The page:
Processes and procedures around use-by dates were among the issues that led to the halting of all deliveries from meat producer Russell Hume.
The Food Standards Agency said following an initial inspection at the firm's Birmingham site "we became concerned that there was a more systemic and widespread problem which was more serious in terms of its scale and nature".
It said "issues of serious non-compliance" were uncovered and "these related to a number of issues including concerns about procedures and processes around use-by dates".
As a result of further inspections at other sites "Russell Hume have been required to stop all production at the plants and detain all products".
"We then worked with the company so that they could initiate a voluntary withdrawal of all affected products," said the FSA. "Until the business can provide assurances that they are complying with the relevant legislation and that they are producing safe food, no meat can leave their sites."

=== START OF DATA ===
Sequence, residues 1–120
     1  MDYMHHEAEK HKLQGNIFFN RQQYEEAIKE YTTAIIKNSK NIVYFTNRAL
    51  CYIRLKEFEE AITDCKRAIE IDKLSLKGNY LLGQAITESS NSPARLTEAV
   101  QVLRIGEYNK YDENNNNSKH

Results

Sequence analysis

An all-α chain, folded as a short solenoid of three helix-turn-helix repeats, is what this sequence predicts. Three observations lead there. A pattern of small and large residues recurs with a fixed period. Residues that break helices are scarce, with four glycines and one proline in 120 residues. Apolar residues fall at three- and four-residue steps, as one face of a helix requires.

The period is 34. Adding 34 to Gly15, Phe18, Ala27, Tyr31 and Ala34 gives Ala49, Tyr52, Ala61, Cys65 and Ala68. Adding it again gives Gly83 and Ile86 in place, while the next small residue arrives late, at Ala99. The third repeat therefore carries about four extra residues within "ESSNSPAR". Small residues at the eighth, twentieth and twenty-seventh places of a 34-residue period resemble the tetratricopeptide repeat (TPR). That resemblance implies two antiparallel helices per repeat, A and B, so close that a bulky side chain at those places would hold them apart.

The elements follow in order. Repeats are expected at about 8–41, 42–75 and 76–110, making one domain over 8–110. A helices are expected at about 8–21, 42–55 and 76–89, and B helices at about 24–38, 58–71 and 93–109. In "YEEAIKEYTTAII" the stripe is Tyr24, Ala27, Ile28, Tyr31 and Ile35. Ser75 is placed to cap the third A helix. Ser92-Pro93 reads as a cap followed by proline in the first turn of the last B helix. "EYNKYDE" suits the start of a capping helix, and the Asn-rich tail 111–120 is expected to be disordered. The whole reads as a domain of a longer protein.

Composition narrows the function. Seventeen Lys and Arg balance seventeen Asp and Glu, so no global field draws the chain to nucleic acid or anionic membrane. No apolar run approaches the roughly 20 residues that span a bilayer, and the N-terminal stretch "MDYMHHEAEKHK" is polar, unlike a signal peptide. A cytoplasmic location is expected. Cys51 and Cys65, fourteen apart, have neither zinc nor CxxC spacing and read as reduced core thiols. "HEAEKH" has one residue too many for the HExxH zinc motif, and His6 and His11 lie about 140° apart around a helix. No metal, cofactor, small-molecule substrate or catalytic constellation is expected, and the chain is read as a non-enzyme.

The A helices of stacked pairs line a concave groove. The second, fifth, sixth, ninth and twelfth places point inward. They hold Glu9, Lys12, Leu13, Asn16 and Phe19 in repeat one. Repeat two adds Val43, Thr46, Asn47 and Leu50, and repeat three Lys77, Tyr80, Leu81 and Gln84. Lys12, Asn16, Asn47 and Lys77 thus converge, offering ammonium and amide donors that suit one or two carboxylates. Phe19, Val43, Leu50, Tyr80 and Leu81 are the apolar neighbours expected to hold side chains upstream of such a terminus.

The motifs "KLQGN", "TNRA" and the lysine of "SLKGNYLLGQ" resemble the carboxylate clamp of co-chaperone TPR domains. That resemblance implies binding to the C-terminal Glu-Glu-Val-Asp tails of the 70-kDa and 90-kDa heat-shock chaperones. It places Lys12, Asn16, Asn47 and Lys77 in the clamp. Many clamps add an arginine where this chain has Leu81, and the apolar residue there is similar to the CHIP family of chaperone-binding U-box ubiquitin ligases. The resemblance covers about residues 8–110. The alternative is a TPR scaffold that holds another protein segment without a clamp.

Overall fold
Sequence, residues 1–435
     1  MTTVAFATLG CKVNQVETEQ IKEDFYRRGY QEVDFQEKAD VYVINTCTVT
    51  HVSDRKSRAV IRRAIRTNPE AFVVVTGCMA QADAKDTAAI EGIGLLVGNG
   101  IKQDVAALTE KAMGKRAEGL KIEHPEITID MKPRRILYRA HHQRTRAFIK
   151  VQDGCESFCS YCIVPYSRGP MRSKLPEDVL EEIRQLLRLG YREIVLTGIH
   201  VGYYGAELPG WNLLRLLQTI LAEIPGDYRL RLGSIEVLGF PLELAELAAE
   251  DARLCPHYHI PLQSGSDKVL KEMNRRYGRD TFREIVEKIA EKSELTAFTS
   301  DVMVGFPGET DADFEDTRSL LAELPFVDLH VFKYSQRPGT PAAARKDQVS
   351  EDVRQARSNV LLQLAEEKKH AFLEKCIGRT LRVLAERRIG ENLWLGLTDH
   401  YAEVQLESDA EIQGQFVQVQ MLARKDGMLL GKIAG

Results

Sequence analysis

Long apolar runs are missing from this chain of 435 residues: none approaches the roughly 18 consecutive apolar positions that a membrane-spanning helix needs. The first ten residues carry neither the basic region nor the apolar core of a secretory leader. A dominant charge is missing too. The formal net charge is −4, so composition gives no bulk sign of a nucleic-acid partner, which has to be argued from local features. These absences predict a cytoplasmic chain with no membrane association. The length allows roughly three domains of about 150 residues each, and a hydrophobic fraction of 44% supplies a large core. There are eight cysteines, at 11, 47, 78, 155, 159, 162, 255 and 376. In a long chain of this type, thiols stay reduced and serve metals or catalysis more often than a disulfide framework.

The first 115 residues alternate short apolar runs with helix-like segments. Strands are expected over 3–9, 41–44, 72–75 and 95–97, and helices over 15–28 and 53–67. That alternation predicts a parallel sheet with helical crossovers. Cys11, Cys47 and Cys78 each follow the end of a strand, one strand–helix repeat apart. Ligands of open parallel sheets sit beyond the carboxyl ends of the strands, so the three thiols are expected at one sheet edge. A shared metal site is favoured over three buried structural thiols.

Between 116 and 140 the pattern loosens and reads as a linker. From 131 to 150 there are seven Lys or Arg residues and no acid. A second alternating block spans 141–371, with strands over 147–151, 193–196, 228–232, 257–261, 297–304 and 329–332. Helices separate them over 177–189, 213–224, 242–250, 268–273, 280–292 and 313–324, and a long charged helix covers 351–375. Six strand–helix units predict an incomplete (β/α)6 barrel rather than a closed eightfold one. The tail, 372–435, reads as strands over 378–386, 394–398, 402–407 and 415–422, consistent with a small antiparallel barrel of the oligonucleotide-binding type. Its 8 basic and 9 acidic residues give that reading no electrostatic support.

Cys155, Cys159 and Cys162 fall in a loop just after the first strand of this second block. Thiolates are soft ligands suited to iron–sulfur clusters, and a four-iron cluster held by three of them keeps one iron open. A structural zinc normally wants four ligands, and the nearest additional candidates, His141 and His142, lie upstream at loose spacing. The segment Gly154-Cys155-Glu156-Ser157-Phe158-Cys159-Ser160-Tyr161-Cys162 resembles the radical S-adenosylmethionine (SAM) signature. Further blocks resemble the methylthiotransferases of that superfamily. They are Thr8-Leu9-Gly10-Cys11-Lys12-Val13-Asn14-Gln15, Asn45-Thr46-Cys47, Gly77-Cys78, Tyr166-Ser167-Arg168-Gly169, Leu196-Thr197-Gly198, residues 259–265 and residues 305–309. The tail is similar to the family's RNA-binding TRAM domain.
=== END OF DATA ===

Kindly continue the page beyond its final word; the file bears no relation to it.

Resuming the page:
Russell Humes supplies the hospitality industry, including pubs, restaurants and hotels, as well as care homes and schools.
Businesses including JD Wetherspoon, Jamie's Italian and Hilton were forced to take action last week, including the withdrawal of meat from Wetherspoon's popular steak night.
Jason Feeney, chief executive officer at the FSA, said: "We don’t take decisions to stop production, instigate product recalls or withdrawals lightly.
"Our job is to ensure that food produced by a business is safe and clearly we must take a proportionate approach.
"We do recognise the potential impact of our decisions on business and peoples’ livelihoods. In the Russell Hume case our own unannounced inspection at one site gave us some cause for concern about non-compliance with food hygiene regulations, it was not triggered by any reports of ill health."